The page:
Socialist Alliance Election Policy

In January, the Socialist Alliance decided to embrace animal rights when it adopted a new animal welfare policy.

The Socialist Alliance has the twin aims of fighting the capitalist system and pursuing freedom from all forms of oppression. The animal welfare policy continues that goal in aiming to better the lives of animals.

Western Australia goes to the polls on March 11. Green Left Weekly spoke to Chris Jenkins, who is standing for the Socialist Alliance in the seat of Fremantle about what is at stake.

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What are some of the key issues you want to raise this state election?

In contesting the state election, the Socialist Alliance hopes to start a public discussion about who is genuinely entitled to use the resources we have as a society and the processes by which they are allocated.

Sydney may be in the grip of an apartment boom, but the construction of thousands of units across the city has done little to put a lid on rents, according to an analysis of the latest rental data.

Apartment living became more expensive in Sydney in the year to September 2016, after rent increases in all but three of the city's local government areas, according to the NSW Tenants' Union Rent Tracker report.

Tenants' Union advocacy and research officer Leo Patterson Ross said: "Apartment rents are growing faster than house rents at the moment."

Pauline Hanson came across a racist and incoherent cartoon character on the ABC's Q&A program on July 18.

But it would be a mistake to think that Hanson, and the more than half a million people who voted for her in the July 2 federal election, can simply be laughed away. They represent, in a distorted way, the deepening contradictions in our society that have to be addressed at their root.

The myth of the egalitarianism of Australia is cracking up after 50 years of Coalition and Labor Party governments helping the super rich get even richer at the expense of the rest.

The federal election is now over and the final outcome is still being worked out, but the winners and losers are becoming clearer by the day.

The two biggest losers were the major parties. While the Coalition retained enough seats to still be able to govern, it lost its sizable majority in the lower house and is facing an even more hostile Senate.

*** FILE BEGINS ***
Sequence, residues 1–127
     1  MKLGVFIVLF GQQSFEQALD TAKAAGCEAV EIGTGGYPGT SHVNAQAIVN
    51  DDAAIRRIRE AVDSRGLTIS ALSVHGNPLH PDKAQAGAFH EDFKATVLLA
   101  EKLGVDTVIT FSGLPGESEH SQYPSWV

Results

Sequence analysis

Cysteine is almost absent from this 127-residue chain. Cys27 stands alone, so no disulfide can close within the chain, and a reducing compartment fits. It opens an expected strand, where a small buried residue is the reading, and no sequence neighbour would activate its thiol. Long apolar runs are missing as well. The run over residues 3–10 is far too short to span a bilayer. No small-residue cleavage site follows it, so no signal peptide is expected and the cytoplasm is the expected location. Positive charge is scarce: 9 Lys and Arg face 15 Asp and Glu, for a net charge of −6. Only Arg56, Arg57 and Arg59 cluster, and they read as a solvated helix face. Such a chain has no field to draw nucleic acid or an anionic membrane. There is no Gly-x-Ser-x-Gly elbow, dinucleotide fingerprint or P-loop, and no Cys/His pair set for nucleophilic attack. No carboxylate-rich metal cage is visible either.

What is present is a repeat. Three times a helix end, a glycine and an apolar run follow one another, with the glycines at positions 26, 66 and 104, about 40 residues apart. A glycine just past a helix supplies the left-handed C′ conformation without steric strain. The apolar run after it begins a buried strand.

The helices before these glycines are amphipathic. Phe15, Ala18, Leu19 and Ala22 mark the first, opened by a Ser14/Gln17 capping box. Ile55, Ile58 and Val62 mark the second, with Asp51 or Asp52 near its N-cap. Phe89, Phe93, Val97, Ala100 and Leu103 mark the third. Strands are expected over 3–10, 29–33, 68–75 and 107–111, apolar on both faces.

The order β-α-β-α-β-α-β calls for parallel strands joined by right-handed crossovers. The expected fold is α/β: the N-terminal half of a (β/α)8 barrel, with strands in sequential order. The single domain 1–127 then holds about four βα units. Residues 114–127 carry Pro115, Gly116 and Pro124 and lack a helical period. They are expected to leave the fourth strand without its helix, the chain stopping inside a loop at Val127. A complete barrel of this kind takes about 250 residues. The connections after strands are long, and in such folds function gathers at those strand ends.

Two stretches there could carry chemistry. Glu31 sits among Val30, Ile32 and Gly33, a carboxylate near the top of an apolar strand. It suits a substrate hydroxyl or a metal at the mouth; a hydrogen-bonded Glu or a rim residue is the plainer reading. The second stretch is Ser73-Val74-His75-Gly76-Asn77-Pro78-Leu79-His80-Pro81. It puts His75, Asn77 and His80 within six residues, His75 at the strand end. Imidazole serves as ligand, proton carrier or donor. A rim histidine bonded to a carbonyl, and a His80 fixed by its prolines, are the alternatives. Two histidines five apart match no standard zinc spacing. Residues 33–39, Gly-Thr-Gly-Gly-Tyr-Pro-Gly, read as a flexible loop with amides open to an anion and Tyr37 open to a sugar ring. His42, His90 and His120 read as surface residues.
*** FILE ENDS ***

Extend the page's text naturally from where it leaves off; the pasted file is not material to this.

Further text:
The Labor Party recovered several seats overall, but it still managed to record its second lowest number of votes in a Federal election since World War II.

Action for Public Housing (APH) was launched at the Redfern Community Centre on June 24. The launch was addressed by Green Bans movement activists Jack and Judy Mundey, Aboriginal elder Jenny Munro and Associate Professor Michael Darcy. The meeting also watched short videos highlighting the history of community resistance to the destruction of public housing in the city.

"The Coalition government's plan is not only to privatise Medicare, but to destroy it as a universal, national healthcare system," Peter Boyle, the Socialist Alliance candidate for the seat of Sydney, said on July 1. "The plan is based on a form of 'creeping privatisation,' together with undermining its coverage of the majority of community health services around the country."

Pork-barrel politics and scare tactics have dominated the final weeks of the “longest election campaign ever”. Voters in marginal seats have been warned to “vote carefully”, to not “waste your vote” or “risk a protest vote” which might result in — shock horror “the chaos of a hung parliament”.

We have had “tradies” in political ads trying to convince workers that the Liberal National Party (LNP) is their party, and Labor trying to convince the public that they have “rediscovered” labor values.

[Below is the platform that Socialist Alliance is taking to the federal elections.]

We need a radically different future: one that provides for human development, meets community need, protects our environment and guarantees a safe climate; one where our economy operates to ensure social and ecological need; one where participatory democracy means people make the decisions in society; one that promotes cooperation, solidarity and justice for all — an ecosocialist future.

Tanya Plibersek, the deputy leader of the Australian Labor Party and MP for Sydney, made a speech on June 15 where she tried to fend off the political pressure Labor is facing from the Greens and other smaller parties to the left.

Her basic argument was that Labor still remained loyal to its “light on the hill” and she urged younger people in particular to be more patient and allow her party to slowly make progressive change.

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